On the other hand, I submit that if there are people there who happen to know your feelings, then it’s their obligation to abstain from that (or at least, limit their portions) as well.

  53. prometheus says:

    JimD #51

    “Whether the exclusion is right or wrong, it is you who ultimately chooses whether you will allow the situation to come between you and your relationship with the Lord.”

    Well, that’s the thing. I didn’t allow the situation to come between me and the Lord. I attended and participated anyway. There were, however, several other people who were offended on my behalf. The mistaking of custom for doctrine became a stumbling block to them, and could have been a stumbling block to me, and that isn’t fair.

    “the point of Romans 14 is that the Church ought not to go out of its way to eradicate whatever sacred cows its more conservative members might recognize.”

    Perhaps not, but what about sacred cows that are nonsense? Taking the sacrament with the right hand was all the rage when I was growing up. A nonsensical practice with no foundation in doctrine, and should I simply agree to participate just because some people think that that is the way it is to be done? Should I be prohibited from bringing any question on the practice just because it exists?

    (And, if I may point out, Joseph Smith trampled on a great many sacred cows. :) )

    If we look at Romans 14, it specifically dictates a two way responsibility:

    1 Accept the one whose faith is weak, without quarreling over disputable matters. 2 One person’s faith allows them to eat anything, but another, whose faith is weak, eats only vegetables. 3 The one who eats everything must not treat with contempt the one who does not, and the one who does not eat everything must not judge the one who does, for God has accepted them.

    Regarding verse 21:

    21 It is better not to eat meat or drink wine or to do anything else that will cause your brother or sister to fall.

    There is no prohibition against discussion about the meat and drink, no prohibition against communicating clearly so that we all understand each other, and no prohibition against strengthening the weak member so that he or she will be able to eat meat without fear.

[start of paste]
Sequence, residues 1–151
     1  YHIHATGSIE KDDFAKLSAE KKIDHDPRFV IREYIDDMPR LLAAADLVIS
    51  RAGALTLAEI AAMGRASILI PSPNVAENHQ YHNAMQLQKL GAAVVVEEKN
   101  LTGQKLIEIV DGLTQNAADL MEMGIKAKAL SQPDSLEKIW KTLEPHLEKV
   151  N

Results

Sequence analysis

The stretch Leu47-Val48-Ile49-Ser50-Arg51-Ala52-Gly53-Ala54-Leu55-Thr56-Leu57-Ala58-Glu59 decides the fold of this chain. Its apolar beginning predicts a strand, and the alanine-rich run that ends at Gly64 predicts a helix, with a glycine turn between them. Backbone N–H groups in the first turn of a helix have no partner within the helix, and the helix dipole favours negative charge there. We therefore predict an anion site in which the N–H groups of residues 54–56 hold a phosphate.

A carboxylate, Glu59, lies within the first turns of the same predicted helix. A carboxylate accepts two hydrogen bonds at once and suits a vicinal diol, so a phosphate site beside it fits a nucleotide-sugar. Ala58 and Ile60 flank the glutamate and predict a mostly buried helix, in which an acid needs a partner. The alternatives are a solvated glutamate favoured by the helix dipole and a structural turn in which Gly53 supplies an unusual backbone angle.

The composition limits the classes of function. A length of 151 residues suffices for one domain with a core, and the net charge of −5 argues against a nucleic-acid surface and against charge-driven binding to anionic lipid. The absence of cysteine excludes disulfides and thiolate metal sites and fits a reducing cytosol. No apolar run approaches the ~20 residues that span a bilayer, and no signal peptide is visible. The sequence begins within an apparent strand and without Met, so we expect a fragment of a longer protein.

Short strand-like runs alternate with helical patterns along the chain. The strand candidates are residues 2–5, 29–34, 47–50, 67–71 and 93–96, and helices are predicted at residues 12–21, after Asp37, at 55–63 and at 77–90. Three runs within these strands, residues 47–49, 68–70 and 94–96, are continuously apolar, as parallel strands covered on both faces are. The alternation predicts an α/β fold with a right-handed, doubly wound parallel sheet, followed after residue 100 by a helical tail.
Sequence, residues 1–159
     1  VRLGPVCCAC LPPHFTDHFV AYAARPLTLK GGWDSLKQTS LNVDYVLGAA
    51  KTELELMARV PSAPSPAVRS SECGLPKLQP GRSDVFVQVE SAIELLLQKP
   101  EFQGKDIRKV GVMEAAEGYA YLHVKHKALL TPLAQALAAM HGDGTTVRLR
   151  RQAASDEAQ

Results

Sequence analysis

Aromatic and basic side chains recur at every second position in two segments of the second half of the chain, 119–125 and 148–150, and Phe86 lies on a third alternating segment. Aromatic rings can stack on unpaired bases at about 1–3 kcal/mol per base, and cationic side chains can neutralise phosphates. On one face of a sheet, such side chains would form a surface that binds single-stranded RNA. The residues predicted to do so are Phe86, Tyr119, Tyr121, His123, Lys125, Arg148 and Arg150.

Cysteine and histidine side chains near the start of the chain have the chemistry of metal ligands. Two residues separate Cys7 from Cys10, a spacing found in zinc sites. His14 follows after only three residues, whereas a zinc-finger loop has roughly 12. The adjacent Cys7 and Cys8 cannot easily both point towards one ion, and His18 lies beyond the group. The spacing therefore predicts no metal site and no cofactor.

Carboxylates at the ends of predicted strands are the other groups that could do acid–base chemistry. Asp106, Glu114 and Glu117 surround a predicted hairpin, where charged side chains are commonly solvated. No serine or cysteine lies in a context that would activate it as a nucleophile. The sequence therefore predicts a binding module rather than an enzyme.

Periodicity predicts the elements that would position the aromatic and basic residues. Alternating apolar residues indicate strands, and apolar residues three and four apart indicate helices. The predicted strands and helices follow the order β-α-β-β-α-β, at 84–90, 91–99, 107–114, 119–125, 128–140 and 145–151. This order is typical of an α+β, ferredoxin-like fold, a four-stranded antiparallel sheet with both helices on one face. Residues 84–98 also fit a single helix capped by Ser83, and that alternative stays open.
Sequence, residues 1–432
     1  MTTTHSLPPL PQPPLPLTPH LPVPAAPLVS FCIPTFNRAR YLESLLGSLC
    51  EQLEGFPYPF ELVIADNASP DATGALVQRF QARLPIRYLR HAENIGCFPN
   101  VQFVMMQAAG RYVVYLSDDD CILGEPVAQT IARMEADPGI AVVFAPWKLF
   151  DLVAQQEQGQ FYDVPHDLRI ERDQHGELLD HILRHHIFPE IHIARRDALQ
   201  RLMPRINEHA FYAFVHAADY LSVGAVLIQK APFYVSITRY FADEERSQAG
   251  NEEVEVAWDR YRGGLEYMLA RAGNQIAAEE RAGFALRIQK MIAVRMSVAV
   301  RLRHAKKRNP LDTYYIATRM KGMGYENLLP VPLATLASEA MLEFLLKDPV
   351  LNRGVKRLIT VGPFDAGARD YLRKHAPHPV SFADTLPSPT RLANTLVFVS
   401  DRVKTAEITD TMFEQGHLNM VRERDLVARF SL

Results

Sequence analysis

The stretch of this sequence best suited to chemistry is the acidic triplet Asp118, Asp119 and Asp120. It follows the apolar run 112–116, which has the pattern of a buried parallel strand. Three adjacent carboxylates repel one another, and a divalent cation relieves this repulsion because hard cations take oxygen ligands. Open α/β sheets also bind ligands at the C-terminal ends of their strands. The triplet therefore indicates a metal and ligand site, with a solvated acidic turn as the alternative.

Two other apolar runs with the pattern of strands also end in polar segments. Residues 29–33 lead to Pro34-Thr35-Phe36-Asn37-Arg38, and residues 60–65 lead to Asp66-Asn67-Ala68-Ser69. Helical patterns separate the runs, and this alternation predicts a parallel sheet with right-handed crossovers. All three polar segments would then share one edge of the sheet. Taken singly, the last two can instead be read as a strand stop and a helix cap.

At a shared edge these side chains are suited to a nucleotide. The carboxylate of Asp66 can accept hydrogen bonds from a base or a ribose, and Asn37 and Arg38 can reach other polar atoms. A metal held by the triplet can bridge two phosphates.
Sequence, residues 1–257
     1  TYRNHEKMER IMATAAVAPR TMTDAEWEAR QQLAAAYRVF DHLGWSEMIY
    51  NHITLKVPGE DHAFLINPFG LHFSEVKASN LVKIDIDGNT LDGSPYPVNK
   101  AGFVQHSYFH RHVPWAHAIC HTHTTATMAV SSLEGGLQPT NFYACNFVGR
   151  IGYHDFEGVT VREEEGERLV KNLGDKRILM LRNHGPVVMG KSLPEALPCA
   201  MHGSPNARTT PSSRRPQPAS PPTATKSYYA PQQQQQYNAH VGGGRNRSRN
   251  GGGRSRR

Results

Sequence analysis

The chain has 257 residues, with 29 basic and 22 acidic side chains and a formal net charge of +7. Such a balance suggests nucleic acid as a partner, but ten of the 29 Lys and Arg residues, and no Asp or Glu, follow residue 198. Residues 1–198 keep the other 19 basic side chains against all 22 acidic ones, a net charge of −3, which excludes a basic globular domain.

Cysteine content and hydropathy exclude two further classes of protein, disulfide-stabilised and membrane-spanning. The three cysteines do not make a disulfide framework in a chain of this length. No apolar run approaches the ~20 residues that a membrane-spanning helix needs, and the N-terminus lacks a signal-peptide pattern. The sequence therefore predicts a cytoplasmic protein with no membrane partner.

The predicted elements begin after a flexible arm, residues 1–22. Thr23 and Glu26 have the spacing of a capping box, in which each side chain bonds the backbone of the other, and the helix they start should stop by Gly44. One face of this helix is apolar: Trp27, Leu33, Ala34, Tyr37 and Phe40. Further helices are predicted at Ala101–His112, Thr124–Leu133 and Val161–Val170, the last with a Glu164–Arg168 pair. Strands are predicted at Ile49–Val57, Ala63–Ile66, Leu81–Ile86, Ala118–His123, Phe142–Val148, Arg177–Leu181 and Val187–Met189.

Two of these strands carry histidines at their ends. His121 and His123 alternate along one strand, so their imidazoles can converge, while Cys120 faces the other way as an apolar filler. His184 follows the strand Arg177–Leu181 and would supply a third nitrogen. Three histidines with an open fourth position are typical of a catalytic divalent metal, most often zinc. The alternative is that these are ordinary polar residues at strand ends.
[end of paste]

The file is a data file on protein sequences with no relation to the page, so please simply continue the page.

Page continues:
Ultimately Romans 14 is an indictment of judgement. We ought not to judge each other because of personal religious practices. We also ought not to go out of our way to make life difficult for others, whichever side of the debate we are on.

  54. Prometheus, I’m sorry that you have gotten flak for your beard. I wore a beard as I served as bishop and I wear one now as ward mission leader. The only place I have served where I was asked to shave my beard was the temple, which I did for that period of service. It seems a strange thing.

    As I read the OP I first thought that I behave this way out of common courtesy: if something is important to someone else and not to me, then I cede to the person for whom it is more important; others do the same for me. And I think that approach in a small group is still the right one.

  55. Actually, Jacob is talking about the Jews that Lehi’s family had just left; not about Pharisees 600 years in the future.

    Well, I suppose if you read verse 14 and then subsequently shut your book to never open it again. But perhaps you should go ahead and read the next verse.

    I don’t think they’ll be punished for not drinking Pepsi, but I don’t believe they’ll be blessed either.

    Romans 14:23 says otherwise.

    No, no it doesn’t. It says that someone might be cursed for doing something they feel is wrong – regardless of whether or not its wrong. But it doesn’t say that people will be blessed for doing something that is wrong because they feel it is right.

    Following that line of thinking we would be led to believe that Catholic Priests who participated in inquisition torture/massacre will be blessed for their faithfulness to their beliefs.

    From reading your comments I would believe that the responsibility to not offend lies completely with those who are not conservative. While those with conservative dogmatic viewpoints are responsibility-free and can cause offense without fear. I’m sorry, but thats a sloppy reading of Paul.

  56. Martin Willey says:

    I have not had time to read all posts, so pardon the possible redundancy, but this is a very interesting topic to me. It think the answer lies somewhere at the intersection of our increasing emphasis in the Church on overt/visible religiousity and the tendency of the more broad minded members to self-censure. I do not really understand why either thing happened, nor why I buy into either so often. The unfortunate result is that Church meetings sometimes feel like some kind of odd contest over who is most righteous.

  57. StillConfused says:

    I find that the most conservative person trumps in most matters, not just religious ones. It is typically easier for the less conservative person to come to the terms of the more conservative person. Religiously, I am about as unconservative as they come. I am perfectly fine going out to eat on Sundays and all other manners of sinfulness. But I don’t like to see other people uncomfortable. So if they aren’t cool with something, I try not to involve them in it or do it around them. Just being polite, in my mind.